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Busy collecting parts for my '52 MM Convertible and 1949 Saloon restorations. :o

Ian46
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Re: 1953 (March) Series II Restoration

Postby Ian46 » Thu Oct 14, 2021 7:58 pm

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Today was interesting. I decided to trial fit the bonnet. I was looking forward to it. However -

I have done this job before and always make sure the hinges are in good condition and make up temporary hinge gaskets to play around with on the day.

The rear of the bonnet was squarely located up against the bulkhead panel with a suitable gap of approx. 5mm, and the hinges bolted up but not fully tight. It is a split-screen so there a definite 'V' to locate the rear of the panel centrally. All fine up to now.

The grille panel was already bolted on to the car so I used that to make sure the bonnet was also centrally mounted at the front.

I then became aware that (looking from the front of the car), the leading edge of the bonnet looked a little odd.

First photo - The driver's side was ok up to a protruding 'bulge' along the front edge which I think I can massage back to straight again.

Second photo - However, moving along the front edge of the bonnet to the passenger side the front edge 'shrinks' back from the chrome trim showing that the bonnet is too short on this side.

Third photo - shows the final (best) location of the bonnet, which fits well everywhere but looks terrible at the front from above.

Has anyone else had this sort of problem?
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Busy collecting parts for my '52 MM Convertible and 1949 Saloon restorations. :o

Ian46
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Re: 1953 (March) Series II Restoration

Postby Ian46 » Wed Oct 20, 2021 7:55 pm

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I have been expecting my lead loading kit order to arrive so I had removed the passenger rear side wing to get at the other end of the 'boot' seam to thoroughly clean the area where the new lead will be applied; however, as it hadn't come and to continue progress, I thought I would trial fit the rear wing beading and wing. Not a job I wanted to do later when the car is painted.

Before I could do that, I did spend some time panel beating the rear wing to satisfy myself that it could be saved and I am pleased with my first proper attempt. It's not perfect but near enough for a professional to finish up. (the wing is split at the bottom in a couple of places and I only have a spot welder at my disposal).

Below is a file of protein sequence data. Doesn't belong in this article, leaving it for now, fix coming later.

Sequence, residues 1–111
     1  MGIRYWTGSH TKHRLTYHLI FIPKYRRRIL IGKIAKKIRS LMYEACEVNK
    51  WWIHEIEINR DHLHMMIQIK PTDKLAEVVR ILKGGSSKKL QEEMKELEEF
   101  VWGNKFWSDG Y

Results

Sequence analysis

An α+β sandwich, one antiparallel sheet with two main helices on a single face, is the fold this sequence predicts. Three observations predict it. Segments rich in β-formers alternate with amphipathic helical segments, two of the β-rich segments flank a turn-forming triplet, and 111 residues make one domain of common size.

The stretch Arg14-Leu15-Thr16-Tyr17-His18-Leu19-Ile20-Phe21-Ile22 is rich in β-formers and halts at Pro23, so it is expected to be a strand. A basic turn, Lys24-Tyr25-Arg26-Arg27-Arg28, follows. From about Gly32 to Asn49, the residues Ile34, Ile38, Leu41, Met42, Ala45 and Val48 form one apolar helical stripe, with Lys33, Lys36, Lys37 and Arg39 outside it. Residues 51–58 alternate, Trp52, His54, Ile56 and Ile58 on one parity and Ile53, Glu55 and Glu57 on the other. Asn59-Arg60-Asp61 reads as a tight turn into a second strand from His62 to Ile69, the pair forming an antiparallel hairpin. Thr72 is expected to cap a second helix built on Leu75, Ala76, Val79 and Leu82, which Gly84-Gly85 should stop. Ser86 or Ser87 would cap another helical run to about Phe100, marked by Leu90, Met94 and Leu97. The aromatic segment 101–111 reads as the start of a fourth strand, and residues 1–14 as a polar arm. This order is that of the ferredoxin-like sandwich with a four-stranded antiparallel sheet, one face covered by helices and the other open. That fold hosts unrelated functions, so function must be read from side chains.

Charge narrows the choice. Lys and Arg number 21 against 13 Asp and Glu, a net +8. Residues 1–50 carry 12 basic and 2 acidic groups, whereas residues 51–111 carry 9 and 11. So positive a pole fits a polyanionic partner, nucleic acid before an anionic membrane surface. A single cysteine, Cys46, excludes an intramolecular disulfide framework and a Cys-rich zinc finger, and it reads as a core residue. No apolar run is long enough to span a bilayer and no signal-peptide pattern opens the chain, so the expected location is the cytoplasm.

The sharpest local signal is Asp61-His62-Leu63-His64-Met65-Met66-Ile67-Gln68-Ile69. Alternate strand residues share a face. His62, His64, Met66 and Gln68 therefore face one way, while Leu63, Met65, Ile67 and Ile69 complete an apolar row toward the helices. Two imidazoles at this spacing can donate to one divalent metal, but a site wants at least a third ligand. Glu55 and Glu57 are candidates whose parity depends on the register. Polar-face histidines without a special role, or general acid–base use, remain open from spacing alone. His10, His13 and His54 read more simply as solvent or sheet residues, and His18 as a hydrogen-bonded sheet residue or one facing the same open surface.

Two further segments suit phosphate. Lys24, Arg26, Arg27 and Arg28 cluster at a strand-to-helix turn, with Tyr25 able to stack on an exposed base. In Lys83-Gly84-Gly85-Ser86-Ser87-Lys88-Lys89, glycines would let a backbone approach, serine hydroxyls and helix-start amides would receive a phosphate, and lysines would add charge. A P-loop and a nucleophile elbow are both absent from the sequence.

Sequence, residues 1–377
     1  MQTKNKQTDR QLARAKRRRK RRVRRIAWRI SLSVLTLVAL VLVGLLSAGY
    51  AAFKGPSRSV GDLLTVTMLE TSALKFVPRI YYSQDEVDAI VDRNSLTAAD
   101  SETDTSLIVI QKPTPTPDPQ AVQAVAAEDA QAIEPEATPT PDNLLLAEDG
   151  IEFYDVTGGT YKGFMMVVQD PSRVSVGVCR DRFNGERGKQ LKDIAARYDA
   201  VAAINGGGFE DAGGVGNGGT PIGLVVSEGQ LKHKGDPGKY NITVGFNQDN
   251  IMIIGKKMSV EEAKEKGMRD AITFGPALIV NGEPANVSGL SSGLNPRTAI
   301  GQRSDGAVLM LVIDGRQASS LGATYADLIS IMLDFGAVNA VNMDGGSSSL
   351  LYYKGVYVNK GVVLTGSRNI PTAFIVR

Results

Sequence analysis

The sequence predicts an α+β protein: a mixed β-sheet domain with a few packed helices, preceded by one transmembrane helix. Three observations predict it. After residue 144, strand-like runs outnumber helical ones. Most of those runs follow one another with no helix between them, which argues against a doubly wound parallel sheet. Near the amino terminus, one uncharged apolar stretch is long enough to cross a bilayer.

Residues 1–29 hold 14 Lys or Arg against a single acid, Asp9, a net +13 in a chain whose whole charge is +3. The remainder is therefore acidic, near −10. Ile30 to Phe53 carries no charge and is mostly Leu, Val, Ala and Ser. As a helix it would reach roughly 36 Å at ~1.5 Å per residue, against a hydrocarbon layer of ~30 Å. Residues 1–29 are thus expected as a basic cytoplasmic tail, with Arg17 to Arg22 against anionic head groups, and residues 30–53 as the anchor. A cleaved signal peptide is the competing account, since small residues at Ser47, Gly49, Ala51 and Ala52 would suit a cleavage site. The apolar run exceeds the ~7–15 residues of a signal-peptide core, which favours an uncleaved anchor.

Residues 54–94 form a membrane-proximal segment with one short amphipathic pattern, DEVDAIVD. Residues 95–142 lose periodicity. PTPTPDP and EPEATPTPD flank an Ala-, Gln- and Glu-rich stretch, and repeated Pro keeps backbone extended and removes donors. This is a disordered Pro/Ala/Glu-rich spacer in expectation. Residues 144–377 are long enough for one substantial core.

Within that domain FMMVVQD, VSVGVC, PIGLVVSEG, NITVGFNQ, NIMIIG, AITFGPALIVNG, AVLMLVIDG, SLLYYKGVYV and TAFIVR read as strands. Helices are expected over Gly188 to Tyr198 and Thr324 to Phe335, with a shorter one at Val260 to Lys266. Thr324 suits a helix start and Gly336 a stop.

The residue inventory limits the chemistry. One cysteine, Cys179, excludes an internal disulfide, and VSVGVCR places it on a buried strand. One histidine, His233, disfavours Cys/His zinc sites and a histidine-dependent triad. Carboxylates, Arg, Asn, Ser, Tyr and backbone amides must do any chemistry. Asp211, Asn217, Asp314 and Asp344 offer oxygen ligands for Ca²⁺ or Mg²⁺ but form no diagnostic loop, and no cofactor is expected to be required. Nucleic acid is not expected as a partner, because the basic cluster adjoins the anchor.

I cut the lovely gloss black beading to the length required and then painstakingly cut 'v's and bolt holes so it could temporarily taped and bolted it to the wheel arch. The wing bolts were then removed and the wing offered up to the beading. The bolts were added loosely and then tightened from the top of the wing outwards.

Still very much a trial and error process but I feel more confident about how the beading is going to end up.

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Busy collecting parts for my '52 MM Convertible and 1949 Saloon restorations. :o

Ian46
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Re: 1953 (March) Series II Restoration

Postby Ian46 » Sat Oct 30, 2021 10:44 am

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Following on from the photos above - I've never really done any panel successful panel beating before; (I could never get on with it) but had another little practice when trial when fitting the rear wing. It had some light accident damage at the front and rear which was not helping it 'fit' against the body.

My high cut out wing has two splits in it's bottom edge and is a bit flappy as a result . It's a common fault of the rear wings made at the time. Later rear wings have strengthening angle welded in to stop this developing.

So any metal massaging I was thinking of couldn't take place at the back of the rear wing which is why the shiny metal stops where it is in the photo. The 'relief' in the panel was just enough to get the wing sitting pretty well for the task.

I will revisit the wing damage when it has been welded!
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Last edited by Ian46 on Sat Oct 30, 2021 11:19 am, edited 1 time in total.
Busy collecting parts for my '52 MM Convertible and 1949 Saloon restorations. :o

Ian46
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Re: 1953 (March) Series II Restoration

Postby Ian46 » Sat Oct 30, 2021 11:17 am

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All the outer panels are original items on this car but they have accumulated many, many little dents, knocks and scapes over time.

Buoyed by my little success panel beating I decided to 'look' at the front passenger side wing to see what I could do with it.

I knew the rear of the wing was rusty but had the panel dipped and stripped anyway. Now 'rust free' I could see (after some light surface sanding) that the rear edge of the panel was distorted and 'swollen' (see top photo). I'll leave that area to a professional to sort.

I hadn't realised the surface and curve of the front the wing was so bad until I started with a light sand. The front section of the wing had a deep 'bowl' indentation and didn't think I would be able to get it out (top picture).